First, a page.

Saturday, June 1, 2019
Vocational Education via Internet is the Next Big Thing! :: Sell Websites Buy Web Sites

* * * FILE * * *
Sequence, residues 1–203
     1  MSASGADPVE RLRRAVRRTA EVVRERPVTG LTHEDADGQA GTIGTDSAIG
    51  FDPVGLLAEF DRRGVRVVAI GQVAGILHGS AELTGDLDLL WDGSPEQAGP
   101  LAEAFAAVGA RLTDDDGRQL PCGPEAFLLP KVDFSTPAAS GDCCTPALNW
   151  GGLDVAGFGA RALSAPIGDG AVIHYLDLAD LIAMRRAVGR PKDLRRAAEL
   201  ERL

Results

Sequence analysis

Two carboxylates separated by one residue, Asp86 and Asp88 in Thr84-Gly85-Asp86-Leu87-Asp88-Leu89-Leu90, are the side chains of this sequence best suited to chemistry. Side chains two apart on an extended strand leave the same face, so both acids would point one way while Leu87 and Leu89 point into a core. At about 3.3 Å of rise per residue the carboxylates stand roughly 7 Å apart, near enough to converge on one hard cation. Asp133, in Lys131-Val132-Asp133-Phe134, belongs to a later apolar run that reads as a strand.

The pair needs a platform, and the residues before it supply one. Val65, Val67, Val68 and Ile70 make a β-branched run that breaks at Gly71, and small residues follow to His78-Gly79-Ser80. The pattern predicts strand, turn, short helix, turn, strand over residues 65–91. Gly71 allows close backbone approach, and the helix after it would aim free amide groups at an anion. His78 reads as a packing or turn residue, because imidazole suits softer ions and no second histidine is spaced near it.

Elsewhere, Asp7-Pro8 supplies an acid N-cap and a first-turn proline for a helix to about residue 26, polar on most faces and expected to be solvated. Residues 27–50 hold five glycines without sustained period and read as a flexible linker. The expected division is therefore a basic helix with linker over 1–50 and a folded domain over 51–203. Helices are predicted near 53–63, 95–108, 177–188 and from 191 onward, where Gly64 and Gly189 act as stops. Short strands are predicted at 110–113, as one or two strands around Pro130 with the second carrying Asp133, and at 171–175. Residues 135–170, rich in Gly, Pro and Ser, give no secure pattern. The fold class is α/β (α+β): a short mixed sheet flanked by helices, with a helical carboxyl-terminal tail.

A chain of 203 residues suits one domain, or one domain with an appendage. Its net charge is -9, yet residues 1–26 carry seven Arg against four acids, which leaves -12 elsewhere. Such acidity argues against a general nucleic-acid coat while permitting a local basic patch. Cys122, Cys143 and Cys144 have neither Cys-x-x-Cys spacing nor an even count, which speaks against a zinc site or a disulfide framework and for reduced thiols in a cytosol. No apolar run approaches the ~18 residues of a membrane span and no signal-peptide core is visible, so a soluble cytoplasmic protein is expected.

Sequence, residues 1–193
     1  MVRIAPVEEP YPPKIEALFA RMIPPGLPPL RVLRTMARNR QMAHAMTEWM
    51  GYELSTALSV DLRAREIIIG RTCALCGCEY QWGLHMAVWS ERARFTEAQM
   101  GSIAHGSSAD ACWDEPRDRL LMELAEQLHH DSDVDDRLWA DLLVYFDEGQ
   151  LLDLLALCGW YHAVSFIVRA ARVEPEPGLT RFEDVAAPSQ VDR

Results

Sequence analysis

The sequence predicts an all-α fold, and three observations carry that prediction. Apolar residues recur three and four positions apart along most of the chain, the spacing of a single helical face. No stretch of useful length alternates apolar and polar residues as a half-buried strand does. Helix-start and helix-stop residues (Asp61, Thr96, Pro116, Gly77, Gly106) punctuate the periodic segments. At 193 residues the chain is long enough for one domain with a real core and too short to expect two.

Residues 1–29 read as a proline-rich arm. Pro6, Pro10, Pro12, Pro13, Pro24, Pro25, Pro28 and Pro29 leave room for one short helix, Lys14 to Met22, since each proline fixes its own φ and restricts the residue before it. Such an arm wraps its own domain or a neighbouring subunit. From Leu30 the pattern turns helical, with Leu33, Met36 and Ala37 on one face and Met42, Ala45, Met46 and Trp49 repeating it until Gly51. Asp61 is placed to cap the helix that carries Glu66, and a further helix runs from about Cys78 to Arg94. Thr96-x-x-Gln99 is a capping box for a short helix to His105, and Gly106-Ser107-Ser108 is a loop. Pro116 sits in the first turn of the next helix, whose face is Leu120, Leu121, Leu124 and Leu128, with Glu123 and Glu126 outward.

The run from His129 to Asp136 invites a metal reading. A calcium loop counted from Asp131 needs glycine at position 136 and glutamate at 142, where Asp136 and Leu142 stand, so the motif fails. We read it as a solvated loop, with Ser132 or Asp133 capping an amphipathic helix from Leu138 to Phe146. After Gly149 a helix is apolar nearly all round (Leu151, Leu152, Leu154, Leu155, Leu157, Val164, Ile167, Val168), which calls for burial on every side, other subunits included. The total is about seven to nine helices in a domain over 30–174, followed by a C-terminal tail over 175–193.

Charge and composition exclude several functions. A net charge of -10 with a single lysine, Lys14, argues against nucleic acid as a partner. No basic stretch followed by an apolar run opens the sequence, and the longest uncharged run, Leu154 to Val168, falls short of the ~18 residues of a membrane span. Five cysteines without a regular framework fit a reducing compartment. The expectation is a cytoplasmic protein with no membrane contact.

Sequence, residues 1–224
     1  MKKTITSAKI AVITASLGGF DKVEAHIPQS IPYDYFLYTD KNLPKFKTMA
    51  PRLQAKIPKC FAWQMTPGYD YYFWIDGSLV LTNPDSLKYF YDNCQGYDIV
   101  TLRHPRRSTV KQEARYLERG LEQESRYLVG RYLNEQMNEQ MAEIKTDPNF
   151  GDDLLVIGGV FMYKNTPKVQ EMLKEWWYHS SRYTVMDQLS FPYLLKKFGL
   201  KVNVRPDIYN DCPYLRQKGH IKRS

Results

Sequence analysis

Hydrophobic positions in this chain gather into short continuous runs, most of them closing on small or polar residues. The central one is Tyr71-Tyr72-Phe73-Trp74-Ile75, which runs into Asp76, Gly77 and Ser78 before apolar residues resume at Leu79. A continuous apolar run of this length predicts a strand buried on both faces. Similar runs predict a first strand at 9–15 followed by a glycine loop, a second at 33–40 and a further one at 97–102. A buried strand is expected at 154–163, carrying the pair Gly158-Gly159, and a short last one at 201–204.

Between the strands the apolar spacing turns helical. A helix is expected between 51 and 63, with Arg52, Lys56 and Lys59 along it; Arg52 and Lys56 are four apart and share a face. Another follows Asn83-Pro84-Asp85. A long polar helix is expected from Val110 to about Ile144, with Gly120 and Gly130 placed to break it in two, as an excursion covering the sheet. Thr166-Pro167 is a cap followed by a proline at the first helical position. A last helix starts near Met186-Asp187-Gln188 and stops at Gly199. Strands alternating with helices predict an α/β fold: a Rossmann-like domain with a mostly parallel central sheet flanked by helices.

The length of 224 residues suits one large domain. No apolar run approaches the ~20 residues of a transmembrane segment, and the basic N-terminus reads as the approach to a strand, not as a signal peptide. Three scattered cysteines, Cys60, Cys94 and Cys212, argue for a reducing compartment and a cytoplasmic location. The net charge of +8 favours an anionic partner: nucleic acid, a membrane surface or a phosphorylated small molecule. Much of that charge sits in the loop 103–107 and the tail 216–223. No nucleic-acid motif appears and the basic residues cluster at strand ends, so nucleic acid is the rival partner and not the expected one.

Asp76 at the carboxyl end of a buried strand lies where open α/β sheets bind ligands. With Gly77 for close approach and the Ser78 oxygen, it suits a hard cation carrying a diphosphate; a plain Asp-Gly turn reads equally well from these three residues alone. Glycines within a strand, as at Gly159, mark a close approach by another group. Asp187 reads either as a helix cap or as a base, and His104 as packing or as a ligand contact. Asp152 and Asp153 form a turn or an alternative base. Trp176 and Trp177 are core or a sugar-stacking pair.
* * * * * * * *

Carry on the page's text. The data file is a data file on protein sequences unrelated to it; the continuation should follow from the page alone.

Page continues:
Vocational Education via mesh is the Next Big ThingAs Eric Parks says, Im certain cybertechnology will replace all the former(a) learning technologies that exist today. (Caudron 1996, p. 35) The Internet is a network of networks including the World Wide mesh (WWW), listservs, newsgroups, and discussion forums along with electronic mail and electronic journals. To help vocational educators make the best utilize of the web, this essay makes suggestions for using the Internet in the vocational classroom and provide a list of websites of interest to vocational educators. It does non pretend to be an exhaustive list of vocational education resources on the Internet--that list changes daily. As in the earlier digest,much of the information that is included was received as a result of messages sent to several listservs asking how the Internet was being used in vocational education and corporate training. Previously, respondents indicated that they were just getting started and students were disbursement time surfing the Web, making use of electronic mail, and participating in listservs. The times they are a changin Now, in addition to all of the above, students are development and maintaining websites, using digital cameras to evaluate teachers, delivering training to industry, and using materials found through Web searches. A survey by Market Data Retrieval primed(p) that approximately one-third of all public schools are online that the larger the school, the more likely it is to use the Internet and that the Internet is used mostly for research. If the integration of the Internet into the classroom is to be successful, teachers must be involved and work with it (Leiken 1996). The examples here show how vocational teachers and trainers are using the Internet. Examples of Current Use It has been suggested that increased use of performance support systems, sophisticated computer simulations and multimedia training programs are changing and diminishing the role o f the traditional corporate classroom (Wulf 1996). Companies are discovering that they whoremaster use the Internet to distribute information, resources, and learning tools to employees worldwide with relatively little end-user support (Caudron 1996). A high school teacher in Minnesota has highly-developed a website for use in doing career research. Students look for career opportunities on the Web and check the classified ads in the local newspaper, which is also on the Web (M. Savchenko, Internet message, July 3, 1997). In Australia, the Certificate in Workplace Leadership is offered through the Web.